NEW YORK - Ed Sheeran, the family of Ed Townsend and musicians headed into federal court Wednesday for another day of battle to amplify their arguments in the copyright infringement case, gaining a nation-wide audience.
"I know in my heart that we’re doing the right thing," said Kathryn Townsend Griffin, the daughter of late Ed Townsend, who co-wrote Marvin Gaye's "Let's Get It On" – making her intent behind the case crystal clear.
American Soul musician Marvin Gaye (1939 - 1984) performs onstage at the Holiday Star Theater, Merrillville, Indiana, June 10, 1983. (Photo by Paul Natkin/Getty Images)
But will the jury's verdict in this case protect artists or handcuff creativity for future artist?
That's a question Berklee College of Music Professor Dr. Joe Bennett says uncovers what he thinks is a flaw in the U.S. legal system concerning copyright infringement cases.
"In other countries, experts, lawyers and a judge handle the matter in court, but likely untrained ears will draw the line between influence and infringement," he explained.
"Jurors are a problem in the US legal system because they can be manipulated," said Bennett.
The forensic musicologist lead FOX 5 NY to a list of songs that share the same chord progressions of both dueling hits, including "Wolves" by Garth Brooks, "You know my name" by the Beatles, and Lionel Ritchie's "Stuck on you."
He points out the only protectable elements of songs are the melody and lyrics, which in this case aren't the same in his opinion.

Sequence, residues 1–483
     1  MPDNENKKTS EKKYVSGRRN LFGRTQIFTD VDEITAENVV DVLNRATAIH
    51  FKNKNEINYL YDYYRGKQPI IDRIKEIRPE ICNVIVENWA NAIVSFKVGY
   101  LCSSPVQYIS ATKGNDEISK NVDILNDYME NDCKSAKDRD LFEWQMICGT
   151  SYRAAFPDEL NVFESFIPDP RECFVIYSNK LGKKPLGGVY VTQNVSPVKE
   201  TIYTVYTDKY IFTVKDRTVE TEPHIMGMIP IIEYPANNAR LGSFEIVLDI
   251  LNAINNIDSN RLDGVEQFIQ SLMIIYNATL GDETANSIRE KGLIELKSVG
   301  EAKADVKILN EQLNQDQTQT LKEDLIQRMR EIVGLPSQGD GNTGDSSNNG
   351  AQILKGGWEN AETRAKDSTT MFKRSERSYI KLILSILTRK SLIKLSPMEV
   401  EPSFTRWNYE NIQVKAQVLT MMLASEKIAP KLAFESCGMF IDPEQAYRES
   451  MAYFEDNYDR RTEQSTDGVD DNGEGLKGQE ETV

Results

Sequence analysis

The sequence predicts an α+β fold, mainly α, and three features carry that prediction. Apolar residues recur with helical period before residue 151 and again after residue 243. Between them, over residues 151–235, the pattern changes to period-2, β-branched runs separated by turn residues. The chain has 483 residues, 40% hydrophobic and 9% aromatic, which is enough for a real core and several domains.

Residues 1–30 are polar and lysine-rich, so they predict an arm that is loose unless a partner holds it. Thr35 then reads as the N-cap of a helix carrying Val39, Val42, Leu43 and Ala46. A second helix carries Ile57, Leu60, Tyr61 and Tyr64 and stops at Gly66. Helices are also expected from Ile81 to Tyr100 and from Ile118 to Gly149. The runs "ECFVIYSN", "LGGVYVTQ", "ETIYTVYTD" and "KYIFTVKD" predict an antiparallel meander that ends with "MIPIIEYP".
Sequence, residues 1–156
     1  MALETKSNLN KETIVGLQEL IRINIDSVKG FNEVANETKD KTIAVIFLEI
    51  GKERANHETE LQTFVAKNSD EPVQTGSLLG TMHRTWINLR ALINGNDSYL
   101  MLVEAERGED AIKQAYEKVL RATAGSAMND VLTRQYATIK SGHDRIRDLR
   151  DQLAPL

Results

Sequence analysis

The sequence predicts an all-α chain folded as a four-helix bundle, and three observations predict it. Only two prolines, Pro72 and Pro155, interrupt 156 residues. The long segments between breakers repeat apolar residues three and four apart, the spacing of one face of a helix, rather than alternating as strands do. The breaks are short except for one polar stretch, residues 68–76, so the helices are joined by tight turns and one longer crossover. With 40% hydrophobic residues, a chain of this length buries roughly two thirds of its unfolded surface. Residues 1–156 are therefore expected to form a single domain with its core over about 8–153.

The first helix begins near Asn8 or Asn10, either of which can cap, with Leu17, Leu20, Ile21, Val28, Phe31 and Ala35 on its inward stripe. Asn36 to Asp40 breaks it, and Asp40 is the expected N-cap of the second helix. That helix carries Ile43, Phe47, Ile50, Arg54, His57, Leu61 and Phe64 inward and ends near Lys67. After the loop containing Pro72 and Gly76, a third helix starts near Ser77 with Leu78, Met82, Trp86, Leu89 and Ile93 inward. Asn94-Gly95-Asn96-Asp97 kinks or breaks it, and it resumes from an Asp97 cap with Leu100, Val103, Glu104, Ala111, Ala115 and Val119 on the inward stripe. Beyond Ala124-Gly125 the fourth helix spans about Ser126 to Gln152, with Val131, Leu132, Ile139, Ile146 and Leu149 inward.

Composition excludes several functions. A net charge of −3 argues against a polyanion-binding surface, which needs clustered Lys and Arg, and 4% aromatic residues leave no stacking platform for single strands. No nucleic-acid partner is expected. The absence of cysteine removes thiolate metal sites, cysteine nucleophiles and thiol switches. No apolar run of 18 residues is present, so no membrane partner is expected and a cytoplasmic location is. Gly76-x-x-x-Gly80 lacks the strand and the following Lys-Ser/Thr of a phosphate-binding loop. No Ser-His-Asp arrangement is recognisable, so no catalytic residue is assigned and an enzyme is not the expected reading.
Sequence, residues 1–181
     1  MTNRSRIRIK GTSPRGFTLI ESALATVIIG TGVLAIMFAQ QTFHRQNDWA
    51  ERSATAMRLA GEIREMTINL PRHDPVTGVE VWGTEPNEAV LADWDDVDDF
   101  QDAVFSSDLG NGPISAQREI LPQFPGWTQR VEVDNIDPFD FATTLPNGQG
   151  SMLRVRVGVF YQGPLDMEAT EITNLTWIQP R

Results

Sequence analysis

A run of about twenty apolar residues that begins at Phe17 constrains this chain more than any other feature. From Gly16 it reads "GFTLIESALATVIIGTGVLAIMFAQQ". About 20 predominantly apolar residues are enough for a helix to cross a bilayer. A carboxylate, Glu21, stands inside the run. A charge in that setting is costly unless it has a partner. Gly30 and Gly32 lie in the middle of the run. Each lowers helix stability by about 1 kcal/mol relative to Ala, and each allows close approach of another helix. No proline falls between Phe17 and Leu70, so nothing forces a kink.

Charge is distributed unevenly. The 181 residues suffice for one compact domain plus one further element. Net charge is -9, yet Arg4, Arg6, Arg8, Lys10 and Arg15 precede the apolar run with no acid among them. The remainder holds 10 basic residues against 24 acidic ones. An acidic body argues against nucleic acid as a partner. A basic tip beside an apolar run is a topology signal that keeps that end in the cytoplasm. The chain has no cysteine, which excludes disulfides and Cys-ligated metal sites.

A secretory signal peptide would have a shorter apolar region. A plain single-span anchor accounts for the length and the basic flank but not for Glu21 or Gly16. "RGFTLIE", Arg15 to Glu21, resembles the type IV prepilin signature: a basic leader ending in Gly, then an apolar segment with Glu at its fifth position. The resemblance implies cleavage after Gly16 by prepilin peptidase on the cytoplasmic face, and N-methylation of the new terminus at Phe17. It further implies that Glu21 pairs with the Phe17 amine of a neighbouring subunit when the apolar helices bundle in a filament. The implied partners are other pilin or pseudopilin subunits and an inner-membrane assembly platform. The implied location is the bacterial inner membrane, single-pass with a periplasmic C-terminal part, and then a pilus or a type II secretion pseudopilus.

Years-old online deep dives into the case with millions of view further complicate the legal conflict as jurors will ultimately determine if music makers are drawing from inspiration or infringing on copyright laws.
"Most jurors have never written a song before and cannot tell the difference necessarily between a reusable building block of music and a copyright protected unique element," said Bennett.
Musician Ed Sheeran leaves after the first day of his copyright-infringement trial at Manhattan Federal Court on April 25, 2023 in New York City. (Photo by Michael M. Santiago/Getty Images)
In a similar and recent case between Katy Perry and Christian rapper, Marcus Gray, a jury initially, awarded gray $2.8 million in damages, but that decision was ultimately overturned.
The lines in this case will remain blurred until we hear a final verdict from the jury.
That trial continues Thursday.